The government's national languages strategy is being undermined by a "free for all" in higher education that ignores national and regional needs, the government's languages advisory body warned this week.
A report from CILT, the National Centre for Languages, says that three-quarters of institutions had axed languages such as Arabic, Dutch, French, Hungarian, Italian, Polish, Portuguese, Russian and Swedish.
A report for the advisory body found that 80 per cent had dropped courses "solely in response to local institutional demands, with no discussion of national or regional needs".
Degree courses in languages other than French, German and Spanish are difficult to find outside London and southeast England, the report also says.
Hilary Footitt, the report's author and chair of the University Council of Modern Languages, said: "It is extraordinary that a time when the government has developed its first national languages strategy, calling for more graduates in more languages, no one seems to care that actions by individual vice-chancellors could be de facto sabotaging the policy."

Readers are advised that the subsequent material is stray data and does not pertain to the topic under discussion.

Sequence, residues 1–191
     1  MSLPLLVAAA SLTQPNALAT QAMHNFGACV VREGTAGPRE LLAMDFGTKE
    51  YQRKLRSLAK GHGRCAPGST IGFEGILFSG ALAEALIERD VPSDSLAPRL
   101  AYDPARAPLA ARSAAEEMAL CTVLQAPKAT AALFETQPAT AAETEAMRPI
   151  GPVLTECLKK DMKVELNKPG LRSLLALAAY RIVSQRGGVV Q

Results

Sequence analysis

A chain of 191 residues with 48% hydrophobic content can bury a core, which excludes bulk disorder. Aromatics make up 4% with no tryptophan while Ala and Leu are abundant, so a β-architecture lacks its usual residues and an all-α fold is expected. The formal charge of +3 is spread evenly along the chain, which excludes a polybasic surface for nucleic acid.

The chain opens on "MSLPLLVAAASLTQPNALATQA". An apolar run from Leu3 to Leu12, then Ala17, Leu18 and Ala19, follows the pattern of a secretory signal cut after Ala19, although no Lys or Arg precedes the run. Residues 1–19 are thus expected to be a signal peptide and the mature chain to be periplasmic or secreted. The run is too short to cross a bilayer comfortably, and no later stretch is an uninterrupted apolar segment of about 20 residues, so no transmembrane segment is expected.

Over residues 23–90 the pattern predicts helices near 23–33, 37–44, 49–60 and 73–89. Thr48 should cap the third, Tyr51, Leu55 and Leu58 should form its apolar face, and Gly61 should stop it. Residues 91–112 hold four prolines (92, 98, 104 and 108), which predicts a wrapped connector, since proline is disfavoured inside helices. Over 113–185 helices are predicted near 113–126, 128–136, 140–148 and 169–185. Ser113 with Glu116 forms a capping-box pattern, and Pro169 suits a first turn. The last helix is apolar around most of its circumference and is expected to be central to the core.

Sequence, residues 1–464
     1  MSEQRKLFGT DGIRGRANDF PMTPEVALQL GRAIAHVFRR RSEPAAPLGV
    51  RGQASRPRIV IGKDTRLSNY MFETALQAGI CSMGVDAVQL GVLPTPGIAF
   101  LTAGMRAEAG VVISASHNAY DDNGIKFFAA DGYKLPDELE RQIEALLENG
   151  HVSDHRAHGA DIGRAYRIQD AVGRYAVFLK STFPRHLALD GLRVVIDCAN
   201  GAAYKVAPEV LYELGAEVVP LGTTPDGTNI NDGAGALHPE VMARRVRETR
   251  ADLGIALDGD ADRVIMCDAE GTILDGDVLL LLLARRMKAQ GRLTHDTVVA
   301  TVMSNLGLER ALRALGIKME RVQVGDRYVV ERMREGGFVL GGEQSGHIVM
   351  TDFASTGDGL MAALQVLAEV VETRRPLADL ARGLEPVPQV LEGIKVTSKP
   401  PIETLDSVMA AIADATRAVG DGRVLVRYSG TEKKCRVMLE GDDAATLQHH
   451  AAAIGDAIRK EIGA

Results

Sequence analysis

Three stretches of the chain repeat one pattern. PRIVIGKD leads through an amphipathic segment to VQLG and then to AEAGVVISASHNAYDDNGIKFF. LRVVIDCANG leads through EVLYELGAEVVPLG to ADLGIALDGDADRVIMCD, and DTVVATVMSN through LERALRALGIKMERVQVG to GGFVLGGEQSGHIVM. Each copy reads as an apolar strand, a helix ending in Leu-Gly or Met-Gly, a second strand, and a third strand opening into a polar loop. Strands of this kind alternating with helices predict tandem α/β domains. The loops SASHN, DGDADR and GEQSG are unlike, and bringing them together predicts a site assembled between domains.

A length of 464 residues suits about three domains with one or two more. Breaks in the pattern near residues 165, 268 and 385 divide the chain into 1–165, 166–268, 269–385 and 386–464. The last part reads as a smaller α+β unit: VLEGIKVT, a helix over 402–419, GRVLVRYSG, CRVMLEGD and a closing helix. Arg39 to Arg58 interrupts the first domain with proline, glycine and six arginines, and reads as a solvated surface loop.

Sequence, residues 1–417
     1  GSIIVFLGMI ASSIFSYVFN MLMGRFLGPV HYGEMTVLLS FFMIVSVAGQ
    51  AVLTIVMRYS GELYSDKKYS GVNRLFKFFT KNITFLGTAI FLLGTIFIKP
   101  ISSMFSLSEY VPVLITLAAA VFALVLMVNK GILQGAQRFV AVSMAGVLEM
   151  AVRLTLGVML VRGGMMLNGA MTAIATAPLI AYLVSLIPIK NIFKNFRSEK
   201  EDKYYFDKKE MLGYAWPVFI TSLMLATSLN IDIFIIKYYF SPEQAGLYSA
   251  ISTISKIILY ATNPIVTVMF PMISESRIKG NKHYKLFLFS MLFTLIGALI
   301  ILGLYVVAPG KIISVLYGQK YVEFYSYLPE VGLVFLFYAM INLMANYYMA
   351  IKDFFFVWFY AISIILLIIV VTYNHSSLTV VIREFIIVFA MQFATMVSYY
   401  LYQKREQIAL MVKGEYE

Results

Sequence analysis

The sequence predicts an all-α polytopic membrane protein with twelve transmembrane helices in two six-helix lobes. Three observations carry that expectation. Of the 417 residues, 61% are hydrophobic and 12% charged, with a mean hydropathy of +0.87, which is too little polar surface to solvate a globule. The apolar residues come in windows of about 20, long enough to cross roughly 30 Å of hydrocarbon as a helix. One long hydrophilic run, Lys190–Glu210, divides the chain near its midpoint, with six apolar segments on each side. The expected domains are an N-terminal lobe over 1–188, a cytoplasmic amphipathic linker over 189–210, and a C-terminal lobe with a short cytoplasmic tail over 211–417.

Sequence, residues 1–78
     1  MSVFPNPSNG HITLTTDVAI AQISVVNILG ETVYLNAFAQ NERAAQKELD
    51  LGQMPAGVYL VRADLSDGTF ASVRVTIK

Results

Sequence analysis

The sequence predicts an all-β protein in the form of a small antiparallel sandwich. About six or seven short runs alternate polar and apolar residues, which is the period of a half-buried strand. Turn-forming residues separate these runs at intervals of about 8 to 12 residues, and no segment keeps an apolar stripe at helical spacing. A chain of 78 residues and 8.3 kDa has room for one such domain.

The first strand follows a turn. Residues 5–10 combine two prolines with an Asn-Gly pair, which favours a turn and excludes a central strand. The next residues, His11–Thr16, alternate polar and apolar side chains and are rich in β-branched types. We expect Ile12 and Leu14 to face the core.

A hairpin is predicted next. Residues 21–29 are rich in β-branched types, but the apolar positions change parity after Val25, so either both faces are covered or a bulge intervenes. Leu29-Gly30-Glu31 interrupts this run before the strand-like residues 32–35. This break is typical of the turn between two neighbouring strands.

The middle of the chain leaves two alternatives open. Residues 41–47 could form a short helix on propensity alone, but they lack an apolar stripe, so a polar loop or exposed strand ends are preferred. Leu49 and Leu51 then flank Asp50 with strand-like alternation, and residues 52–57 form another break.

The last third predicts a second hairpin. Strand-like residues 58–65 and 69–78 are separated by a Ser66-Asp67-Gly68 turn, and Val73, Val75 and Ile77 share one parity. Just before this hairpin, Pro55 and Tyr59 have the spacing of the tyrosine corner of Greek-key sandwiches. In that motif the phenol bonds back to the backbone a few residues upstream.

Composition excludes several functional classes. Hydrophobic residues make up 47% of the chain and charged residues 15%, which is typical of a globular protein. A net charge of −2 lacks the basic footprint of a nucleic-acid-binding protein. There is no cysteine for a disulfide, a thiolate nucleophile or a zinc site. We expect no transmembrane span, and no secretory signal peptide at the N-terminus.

Government agencies and departments are reportedly struggling to find enough graduates with relevant language and cultural skills.
"There is little evidence this year that action is being taken to rectify the situation," the report says.
The report was compiled for the CILT, UCML and the Association for Language Learning.